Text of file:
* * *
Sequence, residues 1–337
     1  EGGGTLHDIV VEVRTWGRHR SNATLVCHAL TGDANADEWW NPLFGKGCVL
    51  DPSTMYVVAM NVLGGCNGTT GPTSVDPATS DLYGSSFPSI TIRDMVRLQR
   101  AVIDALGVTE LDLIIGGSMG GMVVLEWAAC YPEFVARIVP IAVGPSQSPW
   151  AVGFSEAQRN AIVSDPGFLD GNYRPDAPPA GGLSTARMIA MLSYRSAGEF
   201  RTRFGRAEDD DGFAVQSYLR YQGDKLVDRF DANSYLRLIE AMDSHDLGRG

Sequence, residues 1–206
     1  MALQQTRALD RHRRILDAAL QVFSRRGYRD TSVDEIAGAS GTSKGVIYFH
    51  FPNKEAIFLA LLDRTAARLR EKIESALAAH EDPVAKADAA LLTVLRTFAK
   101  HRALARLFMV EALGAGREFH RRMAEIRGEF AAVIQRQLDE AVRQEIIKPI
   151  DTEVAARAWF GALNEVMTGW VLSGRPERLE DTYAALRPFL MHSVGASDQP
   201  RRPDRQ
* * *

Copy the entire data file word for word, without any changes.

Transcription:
Sequence, residues 1–337
     1  EGGGTLHDIV VEVRTWGRHR SNATLVCHAL TGDANADEWW NPLFGKGCVL
    51  DPSTMYVVAM NVLGGCNGTT GPTSVDPATS DLYGSSFPSI TIRDMVRLQR
   101  AVIDALGVTE LDLIIGGSMG GMVVLEWAAC YPEFVARIVP IAVGPSQSPW
   151  AVGFSEAQRN AIVSDPGFLD GNYRPDAPPA GGLSTARMIA MLSYRSAGEF
   201  RTRFGRAEDD DGFAVQSYLR YQGDKLVDRF DANSYLRLIE AMDSHDLGRG

Sequence, residues 1–206
     1  MALQQTRALD RHRRILDAAL QVFSRRGYRD TSVDEIAGAS GTSKGVIYFH
    51  FPNKEAIFLA LLDRTAARLR EKIESALAAH EDPVAKADAA LLTVLRTFAK
   101  HRALARLFMV EALGAGREFH RRMAEIRGEF AAVIQRQLDE AVRQEIIKPI
   151  DTEVAARAWF GALNEVMTGW VLSGRPERLE DTYAALRPFL MHSVGASDQP
   201  RRPDRQ